Desert grassland ecosystems of the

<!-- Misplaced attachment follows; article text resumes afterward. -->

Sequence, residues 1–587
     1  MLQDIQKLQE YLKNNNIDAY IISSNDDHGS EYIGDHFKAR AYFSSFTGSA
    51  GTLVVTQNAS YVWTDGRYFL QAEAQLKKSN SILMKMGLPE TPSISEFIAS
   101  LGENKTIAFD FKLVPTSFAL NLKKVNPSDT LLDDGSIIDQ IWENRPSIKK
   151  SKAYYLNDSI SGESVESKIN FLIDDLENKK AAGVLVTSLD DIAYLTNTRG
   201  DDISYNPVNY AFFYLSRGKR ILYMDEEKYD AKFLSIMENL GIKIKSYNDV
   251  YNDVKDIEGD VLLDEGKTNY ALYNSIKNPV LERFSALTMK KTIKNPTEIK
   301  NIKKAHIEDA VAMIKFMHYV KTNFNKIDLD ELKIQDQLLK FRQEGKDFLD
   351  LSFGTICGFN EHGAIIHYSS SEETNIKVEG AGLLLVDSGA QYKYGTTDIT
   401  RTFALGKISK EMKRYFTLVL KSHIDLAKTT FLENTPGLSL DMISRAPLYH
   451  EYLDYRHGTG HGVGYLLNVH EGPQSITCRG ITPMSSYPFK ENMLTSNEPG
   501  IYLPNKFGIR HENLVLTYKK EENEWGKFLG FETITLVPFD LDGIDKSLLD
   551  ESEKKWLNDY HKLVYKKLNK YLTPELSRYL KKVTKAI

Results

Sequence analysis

Evidence from the Jornada Basin LTER indicates that transitions from grassland to shrublands were triggered by a failure to reduce livestock numbers during periods of low rainfall. These events caused initial perennial grass mortality and subsequent feedbacks with soil degradation, paralleled by shrub establishment and survival. Theory and observation suggests that a threshold is crossed once sufficient grass biomass is lost and feedbacks with soil erosion and reduced water availability drive remaining grasses extinct. Recent work, however, indicates several factors that have contributed to grassland resilience in the face of these processes. First, the occurrence of transitions across the landscape was buffered by variation in soil and landscape properties that influence soil water availability such that grasses were preserved in many areas. Second, net primary productivity of eroding shrubland states is, remarkably, not lower than that of grasslands although the response of these states to rainfall differs. Third, a recent large precipitation event revealed that remnant and colonizing grasses can reverse perennial grass loss, even if temporarily, on what were thought to be irreversibly degraded soils. Finally, degradation episodes in the first half of the 20th century have radically transformed institutions and perceptions such that livestock management is more responsive to high-risk conditions. Here, as in other arid ecosystems, scientists have focused largely on the mechanisms of degradation rather than strategies to exploit resilience. The utility of such strategies for management is now being realized.